We all know caring for your teeth helps prevent oral disease and maintain a healthy and attractive smile. But dental care impacts far more than just your teeth and gums.
The health of your mouth is deeply connected to the well-being of your entire body. Prioritizing your dental health can be invaluable in mitigating risk factors, preventing systemic disease, and improving your quality of life.
Keep reading to learn more about the connection between oral and systemic health.
The mouth-body connection
Your mouth can be seen as a doorway to the rest of your body. Both good and bad bacteria in your mouth directly link to important respiratory and digestive systems. Additionally, these bacteria also can enter the bloodstream and travel to other vital organs such as the heart and brain.
Proper oral hygiene can help eliminate the harmful bacteria and promote a healthy microbiome. This, in turn, prevents pathogens from entering other organs in the body and weakening your immune system.
The role of gum disease
While it’s usually caused by poor oral hygiene,many potential risk factors contribute to the condition. Gum disease is characterized by a number of symptoms, including:
Because gum disease is caused by a build-up of harmful oral bacteria (which can easily travel to other systems in the body), it’s no surprise that gum disease has a unique link to your overall health.
Conditions linked to poor oral health
Inconsistent oral hygiene correlates with a long list of health conditions that impact various body parts. Some health conditions that are explicitly correlated with poor dental health include:
- Heart disease
- Lung disease
- Complications during pregnancy
- Respiratory disorders
- Kidney disease
- Eating disorders
While many health conditions have a proven link to poor oral hygiene, the causality of these relationships isn’t always a one-way street.
For example, gum disease is thought to be a risk factor for rheumatoid arthritis, as oral bacteria can lead to inflammation of the joints. On the other hand, individuals with severe arthritis may experience pain in the hands and jaw, making daily oral care such as brushing and flossing more difficult.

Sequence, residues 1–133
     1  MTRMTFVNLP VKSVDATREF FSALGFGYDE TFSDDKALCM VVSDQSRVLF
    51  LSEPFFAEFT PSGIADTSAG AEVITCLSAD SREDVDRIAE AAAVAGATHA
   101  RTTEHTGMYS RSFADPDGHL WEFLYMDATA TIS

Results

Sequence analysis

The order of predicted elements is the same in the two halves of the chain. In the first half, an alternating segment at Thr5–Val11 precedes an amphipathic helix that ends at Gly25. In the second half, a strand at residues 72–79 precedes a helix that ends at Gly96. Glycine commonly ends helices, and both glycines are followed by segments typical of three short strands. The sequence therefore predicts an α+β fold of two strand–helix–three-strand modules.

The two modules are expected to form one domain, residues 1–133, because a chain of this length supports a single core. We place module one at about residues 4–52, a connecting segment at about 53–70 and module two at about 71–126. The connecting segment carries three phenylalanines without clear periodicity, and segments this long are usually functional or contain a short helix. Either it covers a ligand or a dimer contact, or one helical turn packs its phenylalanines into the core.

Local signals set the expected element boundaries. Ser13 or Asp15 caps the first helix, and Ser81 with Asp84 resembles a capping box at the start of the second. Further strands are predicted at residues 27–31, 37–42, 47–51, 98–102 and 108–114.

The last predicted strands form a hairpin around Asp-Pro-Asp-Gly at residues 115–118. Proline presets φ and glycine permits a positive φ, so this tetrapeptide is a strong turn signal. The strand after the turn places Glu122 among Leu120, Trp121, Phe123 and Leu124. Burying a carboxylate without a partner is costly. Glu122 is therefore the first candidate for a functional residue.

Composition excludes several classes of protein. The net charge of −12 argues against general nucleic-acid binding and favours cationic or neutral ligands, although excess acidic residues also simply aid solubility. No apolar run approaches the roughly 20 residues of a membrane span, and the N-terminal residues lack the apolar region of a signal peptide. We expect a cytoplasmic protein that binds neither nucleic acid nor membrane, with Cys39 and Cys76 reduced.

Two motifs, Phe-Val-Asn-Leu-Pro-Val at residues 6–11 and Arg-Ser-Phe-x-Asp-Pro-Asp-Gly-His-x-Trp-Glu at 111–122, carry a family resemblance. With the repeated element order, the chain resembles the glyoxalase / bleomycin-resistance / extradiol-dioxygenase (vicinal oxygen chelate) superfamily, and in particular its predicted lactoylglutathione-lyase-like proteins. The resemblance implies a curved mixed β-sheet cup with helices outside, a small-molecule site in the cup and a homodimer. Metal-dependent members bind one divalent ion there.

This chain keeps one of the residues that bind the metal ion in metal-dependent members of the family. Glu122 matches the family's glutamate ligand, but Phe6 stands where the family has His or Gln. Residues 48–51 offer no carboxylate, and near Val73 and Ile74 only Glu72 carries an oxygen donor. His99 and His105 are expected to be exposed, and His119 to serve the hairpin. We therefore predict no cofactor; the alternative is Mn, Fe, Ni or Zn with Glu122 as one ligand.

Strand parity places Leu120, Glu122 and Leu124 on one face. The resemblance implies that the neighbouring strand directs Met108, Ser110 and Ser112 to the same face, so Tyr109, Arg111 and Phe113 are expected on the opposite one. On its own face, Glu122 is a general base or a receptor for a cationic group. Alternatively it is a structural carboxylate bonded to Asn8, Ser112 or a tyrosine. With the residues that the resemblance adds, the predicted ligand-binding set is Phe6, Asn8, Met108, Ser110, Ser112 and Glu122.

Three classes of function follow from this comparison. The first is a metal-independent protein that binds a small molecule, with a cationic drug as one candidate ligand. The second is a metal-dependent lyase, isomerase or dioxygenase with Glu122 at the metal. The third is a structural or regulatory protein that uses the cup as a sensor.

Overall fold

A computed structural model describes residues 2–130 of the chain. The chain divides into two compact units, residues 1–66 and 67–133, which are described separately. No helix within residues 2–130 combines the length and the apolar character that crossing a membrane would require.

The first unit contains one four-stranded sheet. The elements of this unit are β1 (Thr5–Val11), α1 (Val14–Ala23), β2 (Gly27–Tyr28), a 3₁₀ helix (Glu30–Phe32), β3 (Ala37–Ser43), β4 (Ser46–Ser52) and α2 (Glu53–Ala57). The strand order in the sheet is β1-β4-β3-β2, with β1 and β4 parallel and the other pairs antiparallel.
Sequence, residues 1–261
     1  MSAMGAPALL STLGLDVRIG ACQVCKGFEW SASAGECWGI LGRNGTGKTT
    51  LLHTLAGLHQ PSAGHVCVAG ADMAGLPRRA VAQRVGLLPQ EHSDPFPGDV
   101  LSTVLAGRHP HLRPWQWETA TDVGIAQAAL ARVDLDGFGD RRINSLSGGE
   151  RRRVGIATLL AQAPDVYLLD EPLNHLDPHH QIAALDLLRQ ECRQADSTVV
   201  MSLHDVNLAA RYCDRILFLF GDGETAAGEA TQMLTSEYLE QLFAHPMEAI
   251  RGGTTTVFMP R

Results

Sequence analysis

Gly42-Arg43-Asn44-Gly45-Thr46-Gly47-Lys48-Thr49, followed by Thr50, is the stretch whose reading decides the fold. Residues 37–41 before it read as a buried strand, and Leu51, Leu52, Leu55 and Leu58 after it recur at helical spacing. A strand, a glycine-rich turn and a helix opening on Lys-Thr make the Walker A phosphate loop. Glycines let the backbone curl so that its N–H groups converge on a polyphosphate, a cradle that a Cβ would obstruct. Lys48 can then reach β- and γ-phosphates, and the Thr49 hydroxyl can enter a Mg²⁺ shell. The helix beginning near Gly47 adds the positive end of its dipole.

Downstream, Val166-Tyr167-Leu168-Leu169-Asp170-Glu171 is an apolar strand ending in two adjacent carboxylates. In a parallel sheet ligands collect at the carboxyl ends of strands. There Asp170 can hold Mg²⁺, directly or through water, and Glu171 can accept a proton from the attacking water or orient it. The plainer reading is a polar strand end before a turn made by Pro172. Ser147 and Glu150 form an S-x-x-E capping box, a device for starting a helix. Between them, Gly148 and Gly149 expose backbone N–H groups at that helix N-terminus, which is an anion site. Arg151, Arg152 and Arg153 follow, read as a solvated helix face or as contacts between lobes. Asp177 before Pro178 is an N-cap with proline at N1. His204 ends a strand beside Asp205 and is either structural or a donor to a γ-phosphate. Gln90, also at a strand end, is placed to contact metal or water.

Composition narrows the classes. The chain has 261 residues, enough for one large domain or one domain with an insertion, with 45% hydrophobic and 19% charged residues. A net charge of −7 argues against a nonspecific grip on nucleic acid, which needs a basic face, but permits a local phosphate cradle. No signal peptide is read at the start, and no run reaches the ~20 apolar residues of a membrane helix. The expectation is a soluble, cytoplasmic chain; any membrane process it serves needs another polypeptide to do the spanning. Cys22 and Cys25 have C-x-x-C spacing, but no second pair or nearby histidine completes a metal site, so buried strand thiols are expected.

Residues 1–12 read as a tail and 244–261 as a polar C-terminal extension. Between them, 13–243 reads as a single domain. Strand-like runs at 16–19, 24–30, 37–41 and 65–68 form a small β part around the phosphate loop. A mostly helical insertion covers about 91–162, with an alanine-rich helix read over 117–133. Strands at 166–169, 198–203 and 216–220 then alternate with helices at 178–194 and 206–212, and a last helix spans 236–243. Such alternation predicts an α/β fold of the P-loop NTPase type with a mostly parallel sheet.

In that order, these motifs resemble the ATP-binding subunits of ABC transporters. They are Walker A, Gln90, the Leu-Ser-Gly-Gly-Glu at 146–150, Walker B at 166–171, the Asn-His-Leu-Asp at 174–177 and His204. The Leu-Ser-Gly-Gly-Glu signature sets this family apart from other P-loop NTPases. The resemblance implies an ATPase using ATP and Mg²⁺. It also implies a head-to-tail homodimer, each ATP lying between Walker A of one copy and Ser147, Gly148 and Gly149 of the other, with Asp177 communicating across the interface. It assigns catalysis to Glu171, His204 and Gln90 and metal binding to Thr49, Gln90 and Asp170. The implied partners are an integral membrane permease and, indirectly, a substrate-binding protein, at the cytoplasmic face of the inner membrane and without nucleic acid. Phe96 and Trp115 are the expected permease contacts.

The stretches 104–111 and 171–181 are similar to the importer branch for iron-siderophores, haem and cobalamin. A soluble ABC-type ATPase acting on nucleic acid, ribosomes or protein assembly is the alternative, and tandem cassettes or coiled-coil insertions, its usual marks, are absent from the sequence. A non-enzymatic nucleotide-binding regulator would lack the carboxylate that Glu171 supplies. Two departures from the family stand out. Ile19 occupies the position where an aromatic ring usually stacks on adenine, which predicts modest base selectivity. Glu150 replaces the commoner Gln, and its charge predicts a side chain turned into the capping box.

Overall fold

Periodontitis and diabetes also share a complex relationship. This is because oral inflammation impedes the body’s ability to produce insulin, worsening symptoms of diabetes. In turn, high blood sugar can impact the integrity of oral tissues and lead to gum disease.
How to maintain systemic health through oral care
There’s no question that oral disease can have a serious impact on your total-body health and overall quality of life. That’s one of the many reasons that thorough, ongoing dental care is so important.
Here are some of the best ways to achieve dental health and protect your body from systemic disease:
A holistic approach to dental health
The connection between dental and systemic health goes in both directions. Just as dental hygiene is key to avoiding whole-body illness, staying healthy in all areas of your life will do wonders for your smile.
Protect your oral well-being by maintaining healthy habits, such as:
- Eating a balanced diet with plenty of fruits and vegetables
- Avoiding tobacco
- Limiting alcohol and caffeine
- Staying active
- Finding time to relax
Improve your health with expert dental care in South Reno
At Damonte Ranch Dental Care, we know that the mouth-body connection can’t be overlooked. You deserve to have a dental care provider that truly understands you and your specific health concerns.
Dr. Waring and his incredible team genuinely care about protecting the health of each and every patient.